I explained how the eyes have to connect to the brain, and told him the names of the different parts of a skull. Peter asked why some of the teeth were missing, and he even tried to pronounce “zygomatic arch.” Yet I always have to bribe him to get him to read with me.

I find bones to be among the most beautiful things you can have. They have history, they’re scientific, and they represent both life and death.
You can get bones from a variety of sources. You can buy them online, or at specialty shops, you can hunt or ask a hunter, or get them from your meat. If you know anyone in an animal-related profession, like a cowhand or maybe a shelter worker, I’m willing to bet that they have considerable access to bones. Once you’re looking you’ll could have more bones than you know what to do with.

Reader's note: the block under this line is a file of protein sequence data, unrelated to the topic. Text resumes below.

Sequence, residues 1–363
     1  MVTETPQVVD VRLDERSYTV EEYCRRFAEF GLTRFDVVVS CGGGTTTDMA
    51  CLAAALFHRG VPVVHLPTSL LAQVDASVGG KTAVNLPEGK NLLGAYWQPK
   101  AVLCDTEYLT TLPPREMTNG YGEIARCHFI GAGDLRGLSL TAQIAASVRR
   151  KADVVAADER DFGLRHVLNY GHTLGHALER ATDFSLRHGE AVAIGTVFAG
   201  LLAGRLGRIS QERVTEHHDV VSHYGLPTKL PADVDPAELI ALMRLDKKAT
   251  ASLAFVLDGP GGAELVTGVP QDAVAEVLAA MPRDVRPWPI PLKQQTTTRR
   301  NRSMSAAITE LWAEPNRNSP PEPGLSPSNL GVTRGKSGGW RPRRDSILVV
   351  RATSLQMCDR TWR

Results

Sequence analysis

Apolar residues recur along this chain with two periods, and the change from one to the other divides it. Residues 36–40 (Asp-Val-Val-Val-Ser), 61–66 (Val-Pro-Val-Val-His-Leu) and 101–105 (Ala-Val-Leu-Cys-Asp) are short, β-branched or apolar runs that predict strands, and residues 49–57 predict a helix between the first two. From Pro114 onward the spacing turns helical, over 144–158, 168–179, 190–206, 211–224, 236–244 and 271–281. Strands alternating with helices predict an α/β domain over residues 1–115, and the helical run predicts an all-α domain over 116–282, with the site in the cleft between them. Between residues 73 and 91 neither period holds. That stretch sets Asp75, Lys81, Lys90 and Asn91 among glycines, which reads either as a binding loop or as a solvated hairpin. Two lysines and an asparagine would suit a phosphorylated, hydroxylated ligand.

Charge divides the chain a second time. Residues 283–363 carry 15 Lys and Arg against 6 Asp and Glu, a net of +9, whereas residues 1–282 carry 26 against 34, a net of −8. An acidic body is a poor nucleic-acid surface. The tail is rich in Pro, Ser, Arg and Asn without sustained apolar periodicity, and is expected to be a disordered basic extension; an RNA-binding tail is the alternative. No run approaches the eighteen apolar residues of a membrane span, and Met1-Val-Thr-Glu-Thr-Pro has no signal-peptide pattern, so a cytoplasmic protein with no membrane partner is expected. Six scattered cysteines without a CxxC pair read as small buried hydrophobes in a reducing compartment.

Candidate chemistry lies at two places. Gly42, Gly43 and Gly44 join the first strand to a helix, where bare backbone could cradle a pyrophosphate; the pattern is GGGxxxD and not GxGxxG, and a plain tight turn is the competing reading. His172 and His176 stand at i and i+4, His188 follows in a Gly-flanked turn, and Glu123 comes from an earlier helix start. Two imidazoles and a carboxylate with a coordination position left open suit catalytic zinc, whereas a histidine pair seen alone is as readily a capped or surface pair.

Until then, here is a guide to getting bones from the wild.
Where should I look?
Where there are live animals, there are dead animals. My favorite is a particular ranch/park, where there are maybe a few hundred head of cattle.
Even better, if you can find a specific place where animals congregate or live, like a badger sett, breeding ground, or nest, go there. 
Off the trail, or in less popular areas. I don’t think you’ll find too much at Half Dome.
Keep an eye out for fresh kills, by the side of the road or where vultures are circling. (Roadkill seems to be easier to come by, out of those two.) You can take home corpses and clean them yourself, or you can just come back next spring if it’s in an area that you don’t think would be disturbed.
For small bones, just look closely at the ground. When it comes to mouse and squirrel bones, the most common place for me to find them is just sitting in the dirt, waiting for my turn to climb the rock, or having a picnic.
In dry river and creek beds! This is where I find most of mine! The rain washes heavy objects down into river beds, so that is by far the best place to find bigger animal bones. I’ve also found hundreds of golf balls, dozens of tennis balls, a backpack, a helmet, a pager, and a hundred-dollar bill in and around creek beds.
Should I take these bones?